November 11, 2010


Chicago Booth Asia Campus
The House of Tan Yeok Nee
101 Penang Road, corner of Clemenceau Road
Singapore 238466


11:30 a.m. Registration and lunch
12:30 p.m. Program
1:45 p.m.   Networking and coffee
2:30 p.m.   Event concludes

Cost (buffet lunch and book)

General Public S$40
U of Chicago/Booth Alumni/Student S$30


Register Online

Fault Lines: How Hidden Fractures Still Threaten the World Economy

Raghuram Rajan, Eric J. Gleacher Distinguished Service Professor of Finance, Chicago Booth

Join professor Raghuram Rajan as he talks about his new book, Fault Lines: How Hidden Fractures Still Threaten the World Economy. The discussion will cover how the individual choices that collectively brought about the economic meltdown were rational responses to a flawed global financial order in which the incentives to take on risk are incredibly out of step with the dangers those risks pose.

Rajan will discuss how unequal access to education and health care in the United States is eroding the quality of its policy making, even while the growth paths chosen by large countries like Germany, Japan, and now China, place an undue burden on the United States to get its policies right. He outlines the hard choices we need to make to ensure a more stable world economy and restore lasting prosperity.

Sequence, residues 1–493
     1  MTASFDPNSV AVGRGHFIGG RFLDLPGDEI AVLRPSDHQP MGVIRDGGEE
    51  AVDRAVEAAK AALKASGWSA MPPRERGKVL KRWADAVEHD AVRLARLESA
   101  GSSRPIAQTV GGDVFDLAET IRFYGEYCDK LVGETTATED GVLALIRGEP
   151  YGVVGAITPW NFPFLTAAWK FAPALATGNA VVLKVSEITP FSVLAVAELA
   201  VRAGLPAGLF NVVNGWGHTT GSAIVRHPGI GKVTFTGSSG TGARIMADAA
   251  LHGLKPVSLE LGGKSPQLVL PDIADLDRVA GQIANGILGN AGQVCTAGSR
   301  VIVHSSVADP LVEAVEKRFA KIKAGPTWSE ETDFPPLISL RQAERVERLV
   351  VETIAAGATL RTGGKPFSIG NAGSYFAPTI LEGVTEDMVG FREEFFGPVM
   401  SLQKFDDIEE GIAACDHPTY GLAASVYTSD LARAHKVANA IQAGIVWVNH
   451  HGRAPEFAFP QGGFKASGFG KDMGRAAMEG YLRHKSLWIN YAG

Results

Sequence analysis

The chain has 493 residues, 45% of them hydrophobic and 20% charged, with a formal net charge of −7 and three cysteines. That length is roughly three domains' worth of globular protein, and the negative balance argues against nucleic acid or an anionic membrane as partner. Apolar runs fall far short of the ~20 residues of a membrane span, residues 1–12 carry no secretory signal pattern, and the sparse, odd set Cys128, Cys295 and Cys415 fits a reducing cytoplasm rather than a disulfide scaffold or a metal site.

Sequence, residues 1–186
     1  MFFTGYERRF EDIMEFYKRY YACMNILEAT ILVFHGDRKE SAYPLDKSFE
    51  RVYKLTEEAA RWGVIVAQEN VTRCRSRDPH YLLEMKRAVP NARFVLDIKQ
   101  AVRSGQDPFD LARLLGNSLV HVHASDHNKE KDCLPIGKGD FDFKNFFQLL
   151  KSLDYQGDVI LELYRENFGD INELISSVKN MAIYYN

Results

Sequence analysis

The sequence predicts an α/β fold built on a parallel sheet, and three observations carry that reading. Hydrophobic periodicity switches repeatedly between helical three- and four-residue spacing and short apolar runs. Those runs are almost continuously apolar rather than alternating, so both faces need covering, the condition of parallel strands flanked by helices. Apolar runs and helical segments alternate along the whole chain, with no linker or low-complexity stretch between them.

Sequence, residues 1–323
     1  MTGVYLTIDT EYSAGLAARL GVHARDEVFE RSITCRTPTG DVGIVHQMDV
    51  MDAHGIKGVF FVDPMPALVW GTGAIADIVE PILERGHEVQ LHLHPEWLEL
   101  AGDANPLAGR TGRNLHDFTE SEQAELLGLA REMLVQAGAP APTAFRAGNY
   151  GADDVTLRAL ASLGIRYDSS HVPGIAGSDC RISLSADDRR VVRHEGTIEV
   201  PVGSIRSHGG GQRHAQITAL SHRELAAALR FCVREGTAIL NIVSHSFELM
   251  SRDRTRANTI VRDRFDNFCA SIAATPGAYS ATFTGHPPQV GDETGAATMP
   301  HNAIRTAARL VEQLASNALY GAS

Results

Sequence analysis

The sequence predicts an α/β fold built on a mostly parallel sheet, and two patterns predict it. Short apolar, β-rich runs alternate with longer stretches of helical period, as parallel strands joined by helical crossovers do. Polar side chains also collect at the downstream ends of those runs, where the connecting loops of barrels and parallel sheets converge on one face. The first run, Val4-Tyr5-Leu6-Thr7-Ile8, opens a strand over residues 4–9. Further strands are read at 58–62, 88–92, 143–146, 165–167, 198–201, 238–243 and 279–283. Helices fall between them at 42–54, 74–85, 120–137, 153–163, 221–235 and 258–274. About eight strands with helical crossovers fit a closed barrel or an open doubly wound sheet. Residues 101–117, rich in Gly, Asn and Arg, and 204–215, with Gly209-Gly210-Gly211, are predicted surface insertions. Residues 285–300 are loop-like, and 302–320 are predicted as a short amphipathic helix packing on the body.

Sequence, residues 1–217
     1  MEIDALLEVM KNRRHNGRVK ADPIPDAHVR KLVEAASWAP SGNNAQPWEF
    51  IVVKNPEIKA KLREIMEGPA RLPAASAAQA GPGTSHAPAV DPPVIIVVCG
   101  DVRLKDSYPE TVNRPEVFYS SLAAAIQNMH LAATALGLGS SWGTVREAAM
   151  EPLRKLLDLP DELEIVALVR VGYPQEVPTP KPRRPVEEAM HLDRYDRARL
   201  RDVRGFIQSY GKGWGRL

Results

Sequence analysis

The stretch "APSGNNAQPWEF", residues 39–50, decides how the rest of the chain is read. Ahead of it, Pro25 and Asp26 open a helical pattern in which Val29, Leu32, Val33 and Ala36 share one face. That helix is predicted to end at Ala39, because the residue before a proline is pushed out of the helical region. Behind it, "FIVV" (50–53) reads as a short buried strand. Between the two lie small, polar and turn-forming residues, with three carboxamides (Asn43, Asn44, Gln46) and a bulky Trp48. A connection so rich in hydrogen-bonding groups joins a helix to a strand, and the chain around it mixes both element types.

Fault Lines was recently announced the winner of the Financial Times and Goldman Sachs Best Business Book of the Year 2010.

This event will kick off the celebration for Chicago Booth's 10 years in Asia. Join us to commemorate this significant milestone in the first of a series of anniversary events.

"Like geological fault lines, the fissures in the world economic system are more hidden and widespread than many realize, he says. And they are potentially more destructive than other, more obvious culprits, like greedy bankers, sleepy regulators and irresponsible borrowers. Mr. Rajan . . . argues that the actions of these players (and others) unfolded on a larger world stage, that was (and is) subject to the imperatives of political economies. . . . [A] serious and thoughtful book." - New York Times

"[E]xcellent. . . . [Fault Lines] deserve[s] to be widely read in a time when the tendency to blame everything on catch-all terms like 'globalisation' is gaining ground." - Economist